The incentive industry is a weird one. Somewhat stealth – a lot sketch – it has its own vocabulary, culture and secret handshakes. I knew I was in an interesting field when I tried to explain it to my Mom and Dad years and years ago. I don’t think they ever really understood.
Or maybe they did.
I posted the other day on taxes and non-redeemed points. Non-redeemed points are considered breakage - the difference between what is issued and what is redeemed. In that vein, my father once told me a joke – and he prefaced it by saying, “I think you could use this joke as an intro to what you do...”
And damn if I haven’t used it over the years. It also goes to show what folks see as the takeaways when you explain how motivation and incentive programs work.
There is always a risk when trying to write a joke versus telling it... so be gentle with me.
What Is Breakage?
The father of the incentive industry passed away after building a huge company providing point programs that corporate America used to motivate their sales staffs. All the dignitaries from the industry were there. In fact, the Presidents of the next three biggest incentive companies took time out of their “busy” schedules to attend.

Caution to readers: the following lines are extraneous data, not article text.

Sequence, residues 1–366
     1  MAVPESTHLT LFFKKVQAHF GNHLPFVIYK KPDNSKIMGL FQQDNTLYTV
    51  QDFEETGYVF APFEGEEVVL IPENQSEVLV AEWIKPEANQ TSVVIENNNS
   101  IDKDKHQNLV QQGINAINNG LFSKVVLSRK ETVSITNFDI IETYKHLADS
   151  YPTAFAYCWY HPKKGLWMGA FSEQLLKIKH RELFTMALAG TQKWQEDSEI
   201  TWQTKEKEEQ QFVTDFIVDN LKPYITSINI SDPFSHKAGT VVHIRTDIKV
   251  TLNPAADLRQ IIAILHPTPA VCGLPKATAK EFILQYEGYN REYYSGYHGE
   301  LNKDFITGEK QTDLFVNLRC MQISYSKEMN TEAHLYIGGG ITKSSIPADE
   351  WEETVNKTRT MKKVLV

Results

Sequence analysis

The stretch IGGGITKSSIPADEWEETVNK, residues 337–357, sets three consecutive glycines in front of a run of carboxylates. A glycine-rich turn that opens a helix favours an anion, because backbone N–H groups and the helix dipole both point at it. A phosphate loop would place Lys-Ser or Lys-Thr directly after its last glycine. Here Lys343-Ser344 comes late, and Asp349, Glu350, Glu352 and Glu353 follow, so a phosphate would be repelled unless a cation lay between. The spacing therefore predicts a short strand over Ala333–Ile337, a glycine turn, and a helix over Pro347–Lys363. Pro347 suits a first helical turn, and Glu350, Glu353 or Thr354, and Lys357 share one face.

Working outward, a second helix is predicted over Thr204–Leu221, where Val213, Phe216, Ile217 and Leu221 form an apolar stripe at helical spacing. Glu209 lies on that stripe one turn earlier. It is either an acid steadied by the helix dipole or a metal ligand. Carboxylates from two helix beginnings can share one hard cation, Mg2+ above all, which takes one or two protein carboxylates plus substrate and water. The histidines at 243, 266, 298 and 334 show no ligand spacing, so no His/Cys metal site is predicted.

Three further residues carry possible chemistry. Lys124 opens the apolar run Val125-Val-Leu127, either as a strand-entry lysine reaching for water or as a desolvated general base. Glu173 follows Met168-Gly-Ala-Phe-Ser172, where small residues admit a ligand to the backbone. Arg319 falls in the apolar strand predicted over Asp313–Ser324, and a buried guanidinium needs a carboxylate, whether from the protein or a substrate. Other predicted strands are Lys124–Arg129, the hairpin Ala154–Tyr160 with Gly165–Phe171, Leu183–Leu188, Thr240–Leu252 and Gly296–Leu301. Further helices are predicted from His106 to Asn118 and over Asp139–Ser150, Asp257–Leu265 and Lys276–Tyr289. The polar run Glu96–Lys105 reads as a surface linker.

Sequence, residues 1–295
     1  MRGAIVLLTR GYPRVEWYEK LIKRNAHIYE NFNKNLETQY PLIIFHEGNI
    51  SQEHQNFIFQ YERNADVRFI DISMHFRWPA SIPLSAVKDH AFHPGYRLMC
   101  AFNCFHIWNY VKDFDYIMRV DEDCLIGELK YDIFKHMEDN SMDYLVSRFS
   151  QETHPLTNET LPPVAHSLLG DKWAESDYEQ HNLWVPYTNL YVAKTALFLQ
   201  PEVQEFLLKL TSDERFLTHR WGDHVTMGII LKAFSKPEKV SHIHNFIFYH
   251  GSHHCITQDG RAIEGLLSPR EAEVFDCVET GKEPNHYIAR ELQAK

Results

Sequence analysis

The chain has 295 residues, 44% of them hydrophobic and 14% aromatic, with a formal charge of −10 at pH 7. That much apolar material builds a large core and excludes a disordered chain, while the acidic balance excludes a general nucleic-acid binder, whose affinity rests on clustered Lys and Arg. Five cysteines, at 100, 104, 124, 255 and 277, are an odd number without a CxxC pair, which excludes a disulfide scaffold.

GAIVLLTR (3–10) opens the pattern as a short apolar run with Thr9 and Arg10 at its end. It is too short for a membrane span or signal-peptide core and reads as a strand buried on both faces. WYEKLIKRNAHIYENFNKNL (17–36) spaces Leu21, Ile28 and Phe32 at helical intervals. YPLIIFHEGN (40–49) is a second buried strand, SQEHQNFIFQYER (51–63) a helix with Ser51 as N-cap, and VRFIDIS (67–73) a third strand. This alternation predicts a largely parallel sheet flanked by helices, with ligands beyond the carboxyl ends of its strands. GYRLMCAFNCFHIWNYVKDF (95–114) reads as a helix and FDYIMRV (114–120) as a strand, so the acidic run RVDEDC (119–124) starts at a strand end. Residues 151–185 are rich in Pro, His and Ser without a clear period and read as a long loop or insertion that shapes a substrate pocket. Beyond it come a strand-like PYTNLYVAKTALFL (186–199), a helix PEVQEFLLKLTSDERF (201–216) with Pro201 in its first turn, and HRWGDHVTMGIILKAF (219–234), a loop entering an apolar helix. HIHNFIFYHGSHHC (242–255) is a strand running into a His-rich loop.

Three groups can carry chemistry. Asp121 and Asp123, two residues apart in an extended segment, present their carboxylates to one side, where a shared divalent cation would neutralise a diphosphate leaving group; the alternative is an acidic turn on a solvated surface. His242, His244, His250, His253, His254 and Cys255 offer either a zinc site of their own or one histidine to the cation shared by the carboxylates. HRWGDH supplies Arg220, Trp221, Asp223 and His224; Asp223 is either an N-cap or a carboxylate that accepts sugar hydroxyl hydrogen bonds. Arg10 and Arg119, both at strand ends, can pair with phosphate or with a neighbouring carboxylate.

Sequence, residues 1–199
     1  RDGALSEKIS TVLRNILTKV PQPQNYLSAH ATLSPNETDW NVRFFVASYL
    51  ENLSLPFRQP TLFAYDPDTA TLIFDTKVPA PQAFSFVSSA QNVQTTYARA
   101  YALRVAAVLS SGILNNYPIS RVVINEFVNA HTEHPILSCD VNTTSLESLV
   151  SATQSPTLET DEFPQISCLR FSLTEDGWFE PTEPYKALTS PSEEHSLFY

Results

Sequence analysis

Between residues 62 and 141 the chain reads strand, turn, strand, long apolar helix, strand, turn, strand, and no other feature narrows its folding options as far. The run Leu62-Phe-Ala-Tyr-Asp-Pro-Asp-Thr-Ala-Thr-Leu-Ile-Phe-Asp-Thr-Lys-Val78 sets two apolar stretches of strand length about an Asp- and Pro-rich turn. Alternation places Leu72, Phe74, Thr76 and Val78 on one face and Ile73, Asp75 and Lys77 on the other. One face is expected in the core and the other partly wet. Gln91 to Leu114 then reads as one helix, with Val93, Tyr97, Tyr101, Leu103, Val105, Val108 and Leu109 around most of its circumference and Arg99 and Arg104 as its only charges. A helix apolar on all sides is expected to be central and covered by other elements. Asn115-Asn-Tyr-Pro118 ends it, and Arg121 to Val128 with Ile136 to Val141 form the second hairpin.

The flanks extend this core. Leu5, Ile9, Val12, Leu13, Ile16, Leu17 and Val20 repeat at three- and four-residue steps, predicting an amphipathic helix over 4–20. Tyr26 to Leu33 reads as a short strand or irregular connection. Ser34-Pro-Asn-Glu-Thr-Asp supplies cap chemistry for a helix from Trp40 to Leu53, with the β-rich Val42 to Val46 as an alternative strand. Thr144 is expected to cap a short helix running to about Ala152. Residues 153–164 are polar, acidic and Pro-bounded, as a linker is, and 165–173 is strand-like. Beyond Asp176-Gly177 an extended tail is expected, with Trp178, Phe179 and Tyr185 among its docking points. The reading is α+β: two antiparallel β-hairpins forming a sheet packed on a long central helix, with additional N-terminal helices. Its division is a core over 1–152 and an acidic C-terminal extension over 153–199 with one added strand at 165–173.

After paying their respects to the family of the deceased, they stood in the back of the funeral home reminiscing and talking about how lucky they were to have been part of the industry their friend created. Then, in mid-sentence one of the three Presidents broke away from the group, walked up to the casket and bowed his head. He then reached into his back pocket, removed his wallet and pulled out a crisp $100 bill. He said something under his breath and laid the Benjamin on his friend’s chest.
When he rejoined the group, they asked what he had done. He told them that he left the money in the casket as a way to show how much he appreciated the work their friend had done to build the industry.
Not to outdone... the second President walked up to the casket, took out his wallet and dropped a $500 bill in next to the $100 bill. When he got back to the group, he announced that he dropped $500 in because he was more thankful for all their friend had done for him.
The last President stood there for a moment with the other two and then briskly walled up to the casket.
He too reached into his pocket for his wallet. However, unlike the other two he stood there a bit longer. After a few minutes, he walked to back of the room where his cohorts were and stood there silently.
The other two incentive company Presidents stared at him for quite a while before one of them broke the silence and asked why it took so long for him to say his good-byes. The third incentive President looked up slowly, wiped a tear from the corner of his eye, and said...
“After seeing you both walk up there and drop your money in the casket as homage to his efforts for our industry I too wanted to show my appreciation for the life I’ve been able to lead because of this industry. I looked at the $100 bill. I looked at the $500 bill. I realized at that moment that I needed to do more. So – I wrote a check for $1,000,000 and took the $600 as change.”
That my friends – is breakage.